📖 🇸🇬 #39: A Singaporean coming-of-age debut

Sharlene Teo on womanhood, relationships, and bodies

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Set in Singapore, Sharlene Teo’s Ponti follows the intense and short-lived friendship of two sixteen-year-olds schoolgirls, Szu and Circe, as well as Szu’s “expertly cruel” and “glamorously sad” mother, Amisa. It’s a buzzy debut about womanhood, bodies, and selfishness with vivid descriptions of the intricacies of human relationships at its core.

In 2003, in a Singapore heated to an almost unbearable degree by Indonesia’s forest fires, a nouveau riche girl called Circe transfers to Szu’s school. Like Szu, Circe struggles to fit in with her peers and instantly the two girls develop an obsessive, all-consuming friendship, bonding over their shared loneliness and mutual contempt for their classmates.

Szu and I were sixteen, each other’s only friends in the world. We were symbiotic in the intense, irreplicable way that comes as part and parcel of being careworn teenaged girls; we wheedled and resented each other in fluctuating measures.

Circe is fascinated by Szu’s mother Amisa, a failed actress who previously starred in a trilogy of cult horror movies about Ponti, a beautiful, cannibalistic monster from Malay mythology. But the films didn’t reach a big enough audience and Amisa’s career never took off. Now dying and working as “sham medium” with her so-called sister Yunxi, Amisa is a shadow of her former self. More than anything, she’s sorely disappointed by motherhood.

Though the bulk of Ponti follows Szu’s adolescence, chapters of the book flash back to Amisa’s youth in the late 1970s and early 1980s and forward to Circe’s adulthood. In 2020, years after abandoning Szu in the wake of her mother’s death, we meet Circe as a 33-year-old divorcee who is working as a social media consultant. When a remake of the Ponti films is announced, Circe is asked to run the promotion campaign, forcing her to confront old memories of Szu and Amisa and reflect on how she treated Szu back when the girls were teenagers.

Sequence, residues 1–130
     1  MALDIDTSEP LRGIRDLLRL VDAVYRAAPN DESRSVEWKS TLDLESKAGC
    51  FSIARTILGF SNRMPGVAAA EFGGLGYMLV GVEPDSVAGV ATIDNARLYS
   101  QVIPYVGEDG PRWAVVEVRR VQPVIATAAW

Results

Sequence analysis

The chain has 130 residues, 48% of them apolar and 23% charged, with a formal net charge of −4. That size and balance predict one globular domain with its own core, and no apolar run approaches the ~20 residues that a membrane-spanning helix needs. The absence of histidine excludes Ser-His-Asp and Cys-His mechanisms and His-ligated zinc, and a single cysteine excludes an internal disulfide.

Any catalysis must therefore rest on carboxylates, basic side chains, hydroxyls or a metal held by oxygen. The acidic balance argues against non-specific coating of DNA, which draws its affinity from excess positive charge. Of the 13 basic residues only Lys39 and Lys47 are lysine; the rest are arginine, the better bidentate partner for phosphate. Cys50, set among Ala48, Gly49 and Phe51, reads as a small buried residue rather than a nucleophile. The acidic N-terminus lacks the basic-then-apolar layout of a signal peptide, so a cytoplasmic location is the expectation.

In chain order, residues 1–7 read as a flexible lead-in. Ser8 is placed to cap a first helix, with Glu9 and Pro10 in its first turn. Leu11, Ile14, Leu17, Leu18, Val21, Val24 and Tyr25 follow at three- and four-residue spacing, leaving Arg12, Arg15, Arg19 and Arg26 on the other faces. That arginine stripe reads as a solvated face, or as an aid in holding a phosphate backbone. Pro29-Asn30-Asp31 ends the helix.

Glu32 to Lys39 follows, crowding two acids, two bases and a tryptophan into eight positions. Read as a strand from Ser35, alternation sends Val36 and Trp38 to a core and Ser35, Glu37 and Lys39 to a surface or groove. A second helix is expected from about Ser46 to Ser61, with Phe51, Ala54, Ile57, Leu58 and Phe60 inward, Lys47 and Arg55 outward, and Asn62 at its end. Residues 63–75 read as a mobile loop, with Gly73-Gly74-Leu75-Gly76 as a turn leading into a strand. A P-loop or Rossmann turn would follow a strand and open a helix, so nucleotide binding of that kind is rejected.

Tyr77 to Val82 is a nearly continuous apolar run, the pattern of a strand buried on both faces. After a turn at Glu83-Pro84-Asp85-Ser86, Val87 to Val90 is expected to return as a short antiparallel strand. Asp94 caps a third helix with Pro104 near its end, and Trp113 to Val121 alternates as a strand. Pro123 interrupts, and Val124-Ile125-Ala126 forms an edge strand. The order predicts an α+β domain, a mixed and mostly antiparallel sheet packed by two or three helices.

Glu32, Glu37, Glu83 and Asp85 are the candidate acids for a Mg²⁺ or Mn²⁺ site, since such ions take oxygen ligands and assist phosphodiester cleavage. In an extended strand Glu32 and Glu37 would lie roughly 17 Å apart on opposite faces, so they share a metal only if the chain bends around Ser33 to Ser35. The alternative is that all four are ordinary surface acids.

All of the women in Ponti are betrayed by their bodies to some degree—while Szu is horrified by the changes that come with adolescence, Amisa’s cancer is spreading and, in the future, Circe battles with a tapeworm infection.

Teo writes about the confusion and distress of being a teenage girl expertly. “I’m not exaggerating when I say that we were only sixteen but I felt like we’d been through decades,” Szu says of Circe. Later, Circe reflects: “The truth is, Szu and I told half-fictions to each other. We were complicit in our mutual exaggerations.”

She also does a particularly good job of describing everything these woman encounter as utterly disgusting: an arcade smells of “vomited popcorn butter and toilet bleach;” a classroom is described as hot enough to make “us sweat out half our body weight, a form of suffering which the girls most committed to their eating disorders view as beneficial and beautifying;” aging is akin to being one year closer to “gums drawing away from yellowed canines”.

Ponti is a sharp, funny, sad, arresting book. Teo’s writing is gorgeous and the backdrop of horror movies, mythology, and the psychic industry gives the book a really interesting depth. If you like character-driven stories and plot lines that don’t neatly resolve, it’s definitely worth your time. I loved it.

Ponti by Sharlene Teo (Picador, 2018)

More books by Singaporean authors:

  • Bury What We Cannot Take by Kirstin Chen

  • Dream Storeys by Clara Chow

  • Suicide Club by Rachel Heng

  • Sugarbread by Balli Kaur Jaswal

  • How We Disappeared by Jing-Jing Lee

  • Delayed Rays of a Star by Amanda Lee Koe

  • The Gatekeeper by Nuruliah Norasid

  • Fascist Rock: Stories of Rebellion by Claire Tham

  • The Lights That Find Us by Anittha Thanabalan

  • The Frangipani Tree Mystery by Ovidia Yu

What have you read recently?

If you’ve read a brilliant book in translation or you’d like to pass on a recommendation, I’d love to hear about it! For this project, I’m focussing on contemporary fiction and short stories, with a preference for female authors—but I’m always happy to venture further afield for a good recommendation.

You can get in touch by replying to this email or leaving a comment. I’ll be featuring your recommendations in upcoming newsletters, and I’ll keep a growing list here.

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